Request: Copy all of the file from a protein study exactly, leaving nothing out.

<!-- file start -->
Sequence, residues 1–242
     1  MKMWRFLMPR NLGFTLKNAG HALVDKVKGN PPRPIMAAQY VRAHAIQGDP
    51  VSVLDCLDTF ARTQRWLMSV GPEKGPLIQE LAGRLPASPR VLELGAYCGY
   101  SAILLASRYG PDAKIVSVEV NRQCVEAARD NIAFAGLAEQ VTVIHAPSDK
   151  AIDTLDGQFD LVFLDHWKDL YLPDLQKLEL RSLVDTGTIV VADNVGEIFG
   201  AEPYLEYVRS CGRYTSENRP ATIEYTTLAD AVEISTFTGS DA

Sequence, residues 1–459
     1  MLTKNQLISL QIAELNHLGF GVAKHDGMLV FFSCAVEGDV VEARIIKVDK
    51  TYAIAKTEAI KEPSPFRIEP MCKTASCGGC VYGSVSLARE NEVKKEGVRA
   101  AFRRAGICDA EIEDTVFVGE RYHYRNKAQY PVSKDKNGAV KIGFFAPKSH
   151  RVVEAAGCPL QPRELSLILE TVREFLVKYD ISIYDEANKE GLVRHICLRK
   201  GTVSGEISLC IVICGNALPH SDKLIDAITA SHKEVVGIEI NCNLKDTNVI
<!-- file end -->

Sequence, residues 1–242
     1  MKMWRFLMPR NLGFTLKNAG HALVDKVKGN PPRPIMAAQY VRAHAIQGDP
    51  VSVLDCLDTF ARTQRWLMSV GPEKGPLIQE LAGRLPASPR VLELGAYCGY
   101  SAILLASRYG PDAKIVSVEV NRQCVEAARD NIAFAGLAEQ VTVIHAPSDK
   151  AIDTLDGQFD LVFLDHWKDL YLPDLQKLEL RSLVDTGTIV VADNVGEIFG
   201  AEPYLEYVRS CGRYTSENRP ATIEYTTLAD AVEISTFTGS DA

Sequence, residues 1–459
     1  MLTKNQLISL QIAELNHLGF GVAKHDGMLV FFSCAVEGDV VEARIIKVDK
    51  TYAIAKTEAI KEPSPFRIEP MCKTASCGGC VYGSVSLARE NEVKKEGVRA
   101  AFRRAGICDA EIEDTVFVGE RYHYRNKAQY PVSKDKNGAV KIGFFAPKSH
   151  RVVEAAGCPL QPRELSLILE TVREFLVKYD ISIYDEANKE GLVRHICLRK
   201  GTVSGEISLC IVICGNALPH SDKLIDAITA SHKEVVGIEI NCNLKDTNVI